This is an interesting academic year for me in a number of ways. It was five years ago that I joined UK as an assistant professor and ten years ago that I started at MSU as a new PhD student. It’s my first year as tenured faculty, and there are leadership changes in my unit and college that are—by the inherent virtue of any change in leadership—inviting opportunities to think about what the future of both look like.
“Welcome to tenure, here are all your new service obligations.”
Today’s the day tenure takes effect; time to change my business cards, email signature, and CV.
This has been a long semester, and it’s not over yet, but I did get notice of promotion and tenure yesterday, so that is making this last stretch more manageable.
My tenure dossier has passed all the college-level steps, and I just finished reading the kind letter my dean wrote. Now off to the Provost’s office for months of waiting!
Dreamt this morning that I was applying for PhD programs. It wasn’t until dream-me began reviewing my research record that I remembered that I already have a PhD and am actually applying for tenure right now.
I got my job largely because I can work with Twitter data, and my tenure application is built on the premise that I do good Twitter research. I probably shouldn’t take as much pleasure as I do from watching the platform fall apart right now, but I was ready to move on anyway.
As my tenure application continues to make its way through that process, I’ve thought a lot about how grateful I am that my unit is the right size pond for this fish.
Sounds like my tenure application has completed unit-level review and is on its way to college review. I guess there’s time for a sigh of relief before I start holding my breath again.
This “Don’t Fly Solo” board has been up in the hallway of our building since before I was hired. I took a picture of it back in December 2017, when I was here on a job interview. It was one of the most prominent signs (no pun intended) that this would be a friendly and fun unit to work in, which was one of the biggest considerations on my mind when I decided to accept the job (though the adventure of changing disciplines and the convenience of living closer to family shouldn’t be discounted).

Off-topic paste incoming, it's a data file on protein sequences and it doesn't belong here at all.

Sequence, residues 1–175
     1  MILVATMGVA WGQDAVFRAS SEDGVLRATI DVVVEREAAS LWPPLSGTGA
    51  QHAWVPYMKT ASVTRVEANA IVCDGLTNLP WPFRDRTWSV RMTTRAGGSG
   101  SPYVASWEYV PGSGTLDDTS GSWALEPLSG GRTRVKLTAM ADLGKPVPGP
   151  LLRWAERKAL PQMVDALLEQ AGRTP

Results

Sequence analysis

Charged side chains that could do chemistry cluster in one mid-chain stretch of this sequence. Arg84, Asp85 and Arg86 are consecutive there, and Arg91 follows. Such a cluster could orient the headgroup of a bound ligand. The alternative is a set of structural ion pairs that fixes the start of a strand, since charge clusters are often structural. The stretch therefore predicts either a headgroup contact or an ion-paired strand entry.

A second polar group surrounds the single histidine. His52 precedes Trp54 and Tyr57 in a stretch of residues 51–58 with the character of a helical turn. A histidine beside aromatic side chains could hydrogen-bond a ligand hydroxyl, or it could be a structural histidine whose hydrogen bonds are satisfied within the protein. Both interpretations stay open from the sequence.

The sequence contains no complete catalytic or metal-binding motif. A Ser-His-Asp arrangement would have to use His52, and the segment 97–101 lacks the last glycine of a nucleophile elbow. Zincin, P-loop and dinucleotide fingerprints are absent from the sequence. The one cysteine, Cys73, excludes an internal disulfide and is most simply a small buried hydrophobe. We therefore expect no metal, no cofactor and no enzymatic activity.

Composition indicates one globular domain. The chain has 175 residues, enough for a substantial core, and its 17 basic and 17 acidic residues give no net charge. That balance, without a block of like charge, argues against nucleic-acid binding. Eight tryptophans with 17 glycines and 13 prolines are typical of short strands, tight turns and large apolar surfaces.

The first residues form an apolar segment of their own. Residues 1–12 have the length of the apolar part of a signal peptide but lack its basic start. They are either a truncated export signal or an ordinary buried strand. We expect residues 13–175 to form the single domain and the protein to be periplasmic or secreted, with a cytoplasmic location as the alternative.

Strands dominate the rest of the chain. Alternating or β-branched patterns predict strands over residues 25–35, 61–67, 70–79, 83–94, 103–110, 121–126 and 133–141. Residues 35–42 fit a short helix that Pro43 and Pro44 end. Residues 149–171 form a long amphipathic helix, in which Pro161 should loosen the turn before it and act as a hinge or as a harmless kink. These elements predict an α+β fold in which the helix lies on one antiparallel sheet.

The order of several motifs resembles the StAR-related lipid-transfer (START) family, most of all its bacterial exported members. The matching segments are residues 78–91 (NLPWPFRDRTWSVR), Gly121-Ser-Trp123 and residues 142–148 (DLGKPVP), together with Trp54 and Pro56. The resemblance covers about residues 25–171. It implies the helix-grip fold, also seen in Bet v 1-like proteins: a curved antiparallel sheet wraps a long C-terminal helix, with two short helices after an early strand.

I’m very glad that figuring out my office phone is not a prerequisite for tenure, or else my application would be in real trouble right now.
Two of my major projects for the summer have been updating my website and submitting my tenure dossier for consideration. One specific thing I’ve been meaning to do at the intersection of these two projects has been to include a modified research statement on my website as well as a list of my publications along with links to PDFs for all of my research, ensuring that it remains accessible to everyone.
The past couple of days, I’ve been thinking about a memory from my junior year of college. It was the end of a semester, and on top of all of my own finals, I was teaching FREN 102 for the first time, so my end-of-semester was busier than it had been in previous years. I don’t remember all of this busy time, but I do remember specific parts of taking my online FREN 362 (French Civilization II) final while sitting in the office shared by instructors from the Department of French and Italian and the Department of Scandinavian Studies.
Kiddo catches a glimpse of the ref list for the research statement I’m preparing for tenure: “Why does it say Greenhalgh so many times?”
Like in many PhD programs, my comprehensive exams included an element that was intended to help me prepare for my dissertation proposal, dissertation, and dissertation defense. Building off of my research interests and experiences up to that point, my advisor wrote me a lengthy question asking me to define and describe simulation games—the intent, of course, being that at least some of this could be worked into a literature review for a dissertation.
This is my first summer not teaching since beginning grad school, so even though my to-do list is still long (including, y’know, a tenure dossier to put together), I don’t know what to do with myself.